This consists of a silicon plastic tube connected at a thirty-degree angle to an oval-shaped mask with an inflatable rubber cuff (Figure 4) 2,8,26,27. After fitting, the mask is inflated using a pilot balloon providing a seal above the laryngeal opening. The oval mask will lodge with its distal extremity blocking covering the superior esophageal sphincter, the dorsal in contact with the posterior wall of the hypopharynx, the sides in contact with the pyriform fossa and the upper edge against the tongue 2,8,18,26,28,29. It therefore forms a chamber with the mask as its ceiling and the only exit the laryngeal orifice.

 

 

It is indicated in situations when the airway is difficult, whether previously known or not (it is an indispensable piece of equipment in any emergency room), for cardiorespiratory arrest when attended by health workers without intubation skills 17, for surgical procedures such as on the oral cavity, diagnostic imaging procedures and fibrobronchoscopy. It is used in ICUs for temporary airway control until a secure route is obtained. Recent studies have demonstrated that, with trained personnel, its fitting may be quicker than the laryngoscopy tube 6,9,14,26,29. This technique should be taught as part of medical emergency training 5,6,8,27.

The laryngeal mask can be fitted having previously given induction agents such as midazolam, fentanyl, propofol and thiopental 27. The mask should be completely deflated before fitting and lubricant only applied to the rear of the mask because of the risk of inhalation causing airway obstruction or coughing. The patient should be placed in the "sniffing position", and should be maintained in this position at the moment of inserting the mask. The mandible is tractioned downwards and the mask is introduced to the oral cavity until it meets the hard palate using the index finger of the right hand. The mask should be guided around the curvature of the rear pharynx and within the hypopharynx, maintaining pressure upwards until the characteristic resistance is felt at the end of the mask corresponding to the superior esophageal sphincter. The cuff is inflated with an appropriate volume of air depending upon size (Table 3). With the cuff inflated, the mask can advance beyond the limit of the mouth by about 1 cm. The black line which runs the length of the tube should be aligned with the middle of the upper lip and the space between the two central incisors 2,8,28,30,31.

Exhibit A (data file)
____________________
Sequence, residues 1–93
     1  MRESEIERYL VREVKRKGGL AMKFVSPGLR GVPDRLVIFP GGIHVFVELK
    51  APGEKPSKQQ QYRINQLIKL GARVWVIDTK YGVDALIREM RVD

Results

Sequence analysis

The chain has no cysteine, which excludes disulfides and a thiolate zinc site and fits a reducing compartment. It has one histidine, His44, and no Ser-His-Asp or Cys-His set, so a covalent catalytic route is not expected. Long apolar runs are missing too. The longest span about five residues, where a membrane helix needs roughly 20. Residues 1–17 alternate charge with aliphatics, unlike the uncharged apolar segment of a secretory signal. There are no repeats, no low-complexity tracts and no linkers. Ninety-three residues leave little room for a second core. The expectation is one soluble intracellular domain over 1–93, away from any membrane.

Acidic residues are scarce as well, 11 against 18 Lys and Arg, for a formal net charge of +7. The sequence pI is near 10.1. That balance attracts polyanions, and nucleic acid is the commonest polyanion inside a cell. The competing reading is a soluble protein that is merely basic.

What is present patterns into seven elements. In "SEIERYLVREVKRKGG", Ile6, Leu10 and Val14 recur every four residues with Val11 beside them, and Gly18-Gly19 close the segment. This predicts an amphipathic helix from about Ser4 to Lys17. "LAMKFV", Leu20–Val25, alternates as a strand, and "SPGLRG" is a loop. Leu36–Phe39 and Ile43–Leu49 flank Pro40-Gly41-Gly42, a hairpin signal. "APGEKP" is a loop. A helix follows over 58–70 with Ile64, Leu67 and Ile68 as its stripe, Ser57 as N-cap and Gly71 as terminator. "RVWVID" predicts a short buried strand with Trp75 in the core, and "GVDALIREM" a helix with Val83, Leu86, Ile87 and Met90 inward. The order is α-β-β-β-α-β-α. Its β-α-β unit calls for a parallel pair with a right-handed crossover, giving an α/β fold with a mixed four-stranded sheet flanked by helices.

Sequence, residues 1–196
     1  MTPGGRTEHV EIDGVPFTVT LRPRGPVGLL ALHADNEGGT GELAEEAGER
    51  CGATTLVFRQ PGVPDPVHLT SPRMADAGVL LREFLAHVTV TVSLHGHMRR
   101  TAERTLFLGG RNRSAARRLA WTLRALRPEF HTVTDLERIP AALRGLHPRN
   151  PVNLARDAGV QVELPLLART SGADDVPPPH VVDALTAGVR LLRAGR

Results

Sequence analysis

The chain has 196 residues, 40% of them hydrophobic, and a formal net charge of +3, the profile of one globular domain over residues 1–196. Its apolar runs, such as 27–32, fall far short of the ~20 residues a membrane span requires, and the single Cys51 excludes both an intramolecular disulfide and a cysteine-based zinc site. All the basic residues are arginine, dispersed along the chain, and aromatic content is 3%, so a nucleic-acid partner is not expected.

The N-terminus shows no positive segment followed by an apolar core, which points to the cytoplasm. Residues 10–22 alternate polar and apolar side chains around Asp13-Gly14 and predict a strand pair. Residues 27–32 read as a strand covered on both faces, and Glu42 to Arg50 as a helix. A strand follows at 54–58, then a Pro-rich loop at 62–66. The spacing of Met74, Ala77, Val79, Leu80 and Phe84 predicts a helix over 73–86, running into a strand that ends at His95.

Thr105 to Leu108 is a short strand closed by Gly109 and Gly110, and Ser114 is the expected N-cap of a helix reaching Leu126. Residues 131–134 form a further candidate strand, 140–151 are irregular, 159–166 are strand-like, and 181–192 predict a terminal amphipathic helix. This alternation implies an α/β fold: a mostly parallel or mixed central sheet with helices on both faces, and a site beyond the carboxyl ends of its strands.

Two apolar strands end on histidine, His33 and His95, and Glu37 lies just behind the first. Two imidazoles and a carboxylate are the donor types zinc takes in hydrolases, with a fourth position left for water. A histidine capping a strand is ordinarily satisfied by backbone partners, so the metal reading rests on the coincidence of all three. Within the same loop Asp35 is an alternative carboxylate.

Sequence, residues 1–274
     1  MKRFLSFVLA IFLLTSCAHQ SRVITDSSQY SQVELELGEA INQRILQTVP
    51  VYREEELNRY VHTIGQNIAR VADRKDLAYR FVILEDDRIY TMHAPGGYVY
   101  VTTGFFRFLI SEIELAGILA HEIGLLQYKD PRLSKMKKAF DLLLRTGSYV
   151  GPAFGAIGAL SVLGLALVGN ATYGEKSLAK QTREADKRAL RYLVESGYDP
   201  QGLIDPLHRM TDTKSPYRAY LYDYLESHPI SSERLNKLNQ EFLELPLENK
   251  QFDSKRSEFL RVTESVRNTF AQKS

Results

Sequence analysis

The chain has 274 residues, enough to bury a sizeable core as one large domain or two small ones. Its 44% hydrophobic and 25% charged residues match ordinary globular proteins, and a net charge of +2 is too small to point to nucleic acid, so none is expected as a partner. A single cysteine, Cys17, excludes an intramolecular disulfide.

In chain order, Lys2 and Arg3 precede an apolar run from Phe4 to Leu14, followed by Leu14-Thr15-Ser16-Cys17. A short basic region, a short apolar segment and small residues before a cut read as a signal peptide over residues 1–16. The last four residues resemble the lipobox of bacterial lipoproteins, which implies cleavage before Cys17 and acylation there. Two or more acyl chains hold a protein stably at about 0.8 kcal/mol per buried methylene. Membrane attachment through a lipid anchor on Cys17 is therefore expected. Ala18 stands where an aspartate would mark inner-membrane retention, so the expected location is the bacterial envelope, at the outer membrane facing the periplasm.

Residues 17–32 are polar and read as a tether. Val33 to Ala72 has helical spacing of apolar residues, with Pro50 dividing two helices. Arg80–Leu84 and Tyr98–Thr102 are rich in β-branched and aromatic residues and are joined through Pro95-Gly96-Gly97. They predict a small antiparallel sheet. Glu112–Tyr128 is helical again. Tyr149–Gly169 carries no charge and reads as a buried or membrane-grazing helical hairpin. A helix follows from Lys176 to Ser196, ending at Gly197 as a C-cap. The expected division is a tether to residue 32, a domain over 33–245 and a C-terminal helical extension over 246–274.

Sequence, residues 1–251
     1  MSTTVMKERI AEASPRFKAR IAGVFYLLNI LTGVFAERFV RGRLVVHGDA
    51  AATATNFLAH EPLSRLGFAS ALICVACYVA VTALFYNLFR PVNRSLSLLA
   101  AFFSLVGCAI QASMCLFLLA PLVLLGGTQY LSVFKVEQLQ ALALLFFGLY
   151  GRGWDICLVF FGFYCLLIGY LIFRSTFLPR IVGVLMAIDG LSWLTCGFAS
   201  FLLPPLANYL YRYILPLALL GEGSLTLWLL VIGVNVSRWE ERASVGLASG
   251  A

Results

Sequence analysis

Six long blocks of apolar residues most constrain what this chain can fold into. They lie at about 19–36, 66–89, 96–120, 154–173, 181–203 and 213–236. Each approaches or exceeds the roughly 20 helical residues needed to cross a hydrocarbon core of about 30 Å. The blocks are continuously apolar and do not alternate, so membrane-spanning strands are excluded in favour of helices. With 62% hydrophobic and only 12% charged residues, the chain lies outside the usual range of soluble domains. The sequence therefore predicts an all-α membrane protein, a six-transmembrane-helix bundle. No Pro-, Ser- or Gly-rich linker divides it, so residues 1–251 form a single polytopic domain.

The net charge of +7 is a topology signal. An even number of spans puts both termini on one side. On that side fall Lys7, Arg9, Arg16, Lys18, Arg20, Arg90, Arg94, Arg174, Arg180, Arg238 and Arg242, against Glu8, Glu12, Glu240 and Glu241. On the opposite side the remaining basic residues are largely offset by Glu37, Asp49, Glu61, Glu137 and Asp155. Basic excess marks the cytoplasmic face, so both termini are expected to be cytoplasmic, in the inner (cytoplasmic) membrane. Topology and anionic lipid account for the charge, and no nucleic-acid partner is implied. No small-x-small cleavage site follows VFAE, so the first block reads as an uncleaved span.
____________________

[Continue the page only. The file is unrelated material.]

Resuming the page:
The most common reasons for insertion to be difficult are: insufficient anesthesia, inadequate muscular relaxation (pharyngeal muscle spasms or laryngeal spasms), failure to obtain sufficient neck flexibility or an incorrect choice of mask size. A bite protector is usually employed to avoid damage to equipment or obstruction of the airway 8,26,28,29.

It is contraindicated primarily for patients with a high risk of aspiration (after manual ventilation, digestive hemorrhage, obesity) and also when high inspiratory pressure is necessary. 18,27,29.

Complications are rare (0.15% in a series of 11,000 patients), and include gastric aspiration, local irritation, trauma to upper airway structures and bronchoconstriction 27

Transtracheal jet ventilation

This consists of puncturing the cricothyroid membrane and inserting a large caliber venous catheter in the direction of the trachea in order to allow oxygen to be supplied temporarily until a definitive airway is achieved (2,17,18) (Figure 5).

 

 

This is also a technique which should be taught to doctors who work in emergency and pediatric ICUs, to be used when it is not possible to intubate or ventilate the patient. It can be performed more quickly than a tracheostomy, and generally provides adequate oxygenation and ventilation until a definitive airway can be established 14,18.

A no. 14 or 16 abocath needle is inserted via the cricothyroid membrane and advanced to the trachea. Care should be taken when ventilation is performed at high pressure if the catheter is in an extratracheal location since a cervical subcutaneous can result, provoking distortion of the cervical anatomy. After passing and fixing the catheter it is connected to an oxygen supply and ventilation begun. Ventilation will be effective and oxygenation occur only if oxygen is supplied at high pressure. It can also be connected to an auto-inflating bag. 8,14 There are reports of 30% complications 8,14.

Finally, we would like to point out that the airway can be maintained in the majority of cases with a valve-bag mask when conditions are adverse 32, however in a hospital environment it is imperative that a conducive environment and a trained professional are available to make securing the airway the least traumatic and most effective possible.

 

References

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30. Calder I, Ordman AJ, Jackowski A, Crockard HA. The brain laryngeal mask airway: an alternative to emergency tracheal intubation. Anesthesia 1990;45:137-9.        [ Links ]

31. Brain AJ. The laryngeal mask: a possible new solution to airway problems in the emergency situation. Arch Emerg Med 1984;1:229-32.        [ Links ]

32. Gausche M, Lewis RJ, Stratton SJ. Effect of out-of-hospital pediatric endotracheal intubation on survival and neurological outcome: a controlled clinical trial. JAMA 2000;283:783-90.        [ Links ]

 

 

Correspondence to
Jefferson P. Piva
UTI Pediátrica - Hospital São Lucas da PUCRS
Av. Ipiranga 6690 - 5o andar
CEP 90610.000 — Porto Alegre, RS
Brazil
Phone/fax: +55 (51) 3315.2400
E-mail: jpiva@pucrs.br